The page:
I remember Zenna Henderson’s rather gentle idealistic and .. agrarian ..I think that that’s what I mean .. “an everyday story of country folk”, ..who happen to be alien refugees with PSI powers who look exactly like human and are cast away in rural America ..as it would have been announced had it appeared in the 1950s as a radio serial.

        There is a collection under the NESFA Press banner ‘Ingathering ‘ that contains ‘ The Complete People Stories ‘ thats worth a look see, but I dont see that her work was anywhere near as influential as that of, say, Andre Norton who was much more productive across a much wider readership and whose books that were written for children were often read by adults. Which is not to under-value Hendersons work which was very well written albeit rather too sweet for my tastes even when I was a child.

        I hadn’t realized that there’d been a TV series based on ‘The People ‘ stories but can see how it would have potential as a mini series. Must google it to see if it was pre or post ‘Alien Nation ‘

        At a stretch you could read Henderson ‘ influence ‘ into the TV media in anything from ‘Alien Nation’ to ‘Buffy ‘ but you could do that with so many a writers work, and as for the written word goes you’d find similar themes, moods and atmospheres to hers in much of Clifford Simaks work.

        I don’t think much of the concept of “invisible influence at work ” How could you tell since, after all, it is ‘Invisible ‘?

        Come Now, to look at ME you would not be able to tell that I have been deeply – but Invisibly – Influenced by The Secret Masters Of Fruitcake who from their Hidden Valley Deep in the Remotest Mountains of the HimMaleayers have vouchsafed to me all manner of arcane secret lore …. which for a Modest Fee …

        • “Come Now, to look at ME you would not be able to tell that I have been deeply – but Invisibly – Influenced by The Secret Masters Of Fruitcake who from their Hidden Valley Deep in the Remotest Mountains of the HimMaleayers have vouchsafed to me all manner of arcane secret lore …. which for a Modest Fee …”

          Ah, but that is precisely what I mean. Writers can have many influences which their readers may not spot or no about. They are invisible to the reader and sometimes the critic — and can be unnoticed by the writer, too: we build on what we have learned and read.

  3. Robert Hoge says:

    It’s worth checking out allthheresponses before digging too deep into the analysis.

    While there were more responses from male pundits than female pundits – granted, a potential issue in itself – more of the works by female authors picked were suggested by the male respondents than the female respondents. Some of this simply comes down to the fact that there were more male respondents but it does make the argument that men are blind to female writers harder to prosecute.

    And there are a few examples like Jeff VanderMeer who chose collections by all female writers and a number of the female respondents who chose all or predominantly male writers, which go against the grain in this case. Not saying the phenomenon doesn’t exist, just that this isn’t a good example to cite.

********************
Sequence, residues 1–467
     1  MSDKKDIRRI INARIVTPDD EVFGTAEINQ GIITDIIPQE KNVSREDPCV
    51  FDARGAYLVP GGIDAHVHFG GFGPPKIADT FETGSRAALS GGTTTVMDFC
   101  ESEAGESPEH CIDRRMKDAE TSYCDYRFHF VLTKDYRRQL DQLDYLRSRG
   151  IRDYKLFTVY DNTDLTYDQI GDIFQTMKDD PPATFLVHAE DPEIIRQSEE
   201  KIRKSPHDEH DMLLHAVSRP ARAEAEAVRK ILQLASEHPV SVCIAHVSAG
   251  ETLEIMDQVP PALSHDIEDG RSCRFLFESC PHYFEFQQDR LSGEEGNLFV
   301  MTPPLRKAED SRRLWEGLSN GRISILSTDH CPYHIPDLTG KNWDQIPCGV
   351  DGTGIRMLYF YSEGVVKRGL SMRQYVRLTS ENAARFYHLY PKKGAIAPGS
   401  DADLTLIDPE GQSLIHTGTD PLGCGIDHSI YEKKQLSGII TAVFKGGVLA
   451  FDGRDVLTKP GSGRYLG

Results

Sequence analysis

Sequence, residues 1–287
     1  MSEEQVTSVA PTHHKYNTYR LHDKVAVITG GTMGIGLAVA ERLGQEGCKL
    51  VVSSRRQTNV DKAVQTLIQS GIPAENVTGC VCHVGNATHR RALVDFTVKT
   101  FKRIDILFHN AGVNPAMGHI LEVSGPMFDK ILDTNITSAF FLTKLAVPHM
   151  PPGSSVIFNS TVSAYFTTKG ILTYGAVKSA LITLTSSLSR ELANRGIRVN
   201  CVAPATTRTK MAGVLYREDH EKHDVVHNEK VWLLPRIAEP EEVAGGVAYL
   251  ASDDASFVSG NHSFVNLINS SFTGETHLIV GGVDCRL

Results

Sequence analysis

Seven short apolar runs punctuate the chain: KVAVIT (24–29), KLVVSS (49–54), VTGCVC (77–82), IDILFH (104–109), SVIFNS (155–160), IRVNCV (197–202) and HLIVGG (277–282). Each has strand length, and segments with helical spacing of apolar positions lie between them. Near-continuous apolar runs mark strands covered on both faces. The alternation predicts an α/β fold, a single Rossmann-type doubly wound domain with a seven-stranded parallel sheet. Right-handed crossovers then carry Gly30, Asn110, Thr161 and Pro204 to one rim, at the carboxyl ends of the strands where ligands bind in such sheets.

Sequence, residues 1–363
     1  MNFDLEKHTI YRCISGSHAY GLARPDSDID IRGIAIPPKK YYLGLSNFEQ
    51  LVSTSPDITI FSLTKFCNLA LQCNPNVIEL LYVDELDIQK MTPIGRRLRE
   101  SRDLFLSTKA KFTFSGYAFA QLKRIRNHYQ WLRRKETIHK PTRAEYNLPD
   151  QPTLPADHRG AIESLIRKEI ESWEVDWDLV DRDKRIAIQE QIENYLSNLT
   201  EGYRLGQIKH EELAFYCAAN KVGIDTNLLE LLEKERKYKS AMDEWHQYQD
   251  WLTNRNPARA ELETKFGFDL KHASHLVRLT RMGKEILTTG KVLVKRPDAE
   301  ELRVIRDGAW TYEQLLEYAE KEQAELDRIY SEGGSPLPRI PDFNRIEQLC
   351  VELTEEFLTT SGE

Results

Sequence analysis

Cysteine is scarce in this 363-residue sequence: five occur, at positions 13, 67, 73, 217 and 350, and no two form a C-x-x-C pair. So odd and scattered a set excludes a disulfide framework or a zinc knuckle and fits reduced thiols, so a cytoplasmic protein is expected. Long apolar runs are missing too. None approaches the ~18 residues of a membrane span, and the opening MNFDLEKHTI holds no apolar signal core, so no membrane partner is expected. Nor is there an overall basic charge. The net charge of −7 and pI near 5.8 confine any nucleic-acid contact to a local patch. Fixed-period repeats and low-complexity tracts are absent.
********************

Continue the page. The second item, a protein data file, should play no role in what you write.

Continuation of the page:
For my money I would have probably chosen collections from Asimov, Ballard, Barker, Bradbury, Chiang, King, Lanagan, Le Guin, Link, and Willis.

    • Cheryl says:

      I had no intention of citing the mind meld in general as an example of lack of gender imbalance. I simply reported the fact that I heard discussion of Mike’s contribution along those lines. Please don’t put words into my mouth.

  4. Robert Hoge says:

    My apologies, Cheryl. No offence intended. Thought you’d checked out the Mind Meld itself.

  5. Alisa Krasnostein says:

    The discussion happened on my livejournal here: http://girliejones.livejournal.com/1606197.html

    And refers back to several other discussions had there and elsewhere, including my article I wrote for Hoyden About Town: ttp://hoydenabouttown.com/20100610.7608/guest-post-by-alisa-krasnostein-the-invisibility-of-women-in-science-fiction/ and discussion we had on our podcast Galactic Suburbia http://girliejones.livejournal.com/1588706.html about the other Mind Meld on anthologies.

  6. Susan Loyal says:

    There is a variation of the sadly frequent office scenario that you cite, which is even more annoying. Jane makes an intelligent and cogent suggestion during a meeting. Bill, who is generally a good guy, recognizes it for the wonderous gem that it is and heartily endorses it. Jane is quietly pleased. The meeting concludes, with Jane’s suggestion adopted. Immediately after the meeting, Jane hears The Boss talking happily about implementing Bill’s great idea. (I”ve watched this happen in cases where The Boss is female, BTW.) No matter how much Bill politely sputters, the suggestion goes down in local history as BIll’s.

    Jonathan makes an interesting distinction in the podcast between collections that are in and of themselves supremely good and collections that might be deemed important because of their influence on later (or current) writers. He used Ted Chiang as an example of someone whose writing is wonderful but not very influential, since no one else does it quite like Chiang (for various definitions of “it”). Jonathan and Gary have been kicking around such a repurposing of the word “essential” for a couple of weeks, and I think it’s a valuable approach to revisiting SF history–as a map of rivers’ sources and tributaries, if you will, rather than a map of peaks and valleys. I am especially heartened by the presence of a name I find much overlooked in current SF histories–Kate Wilhelm.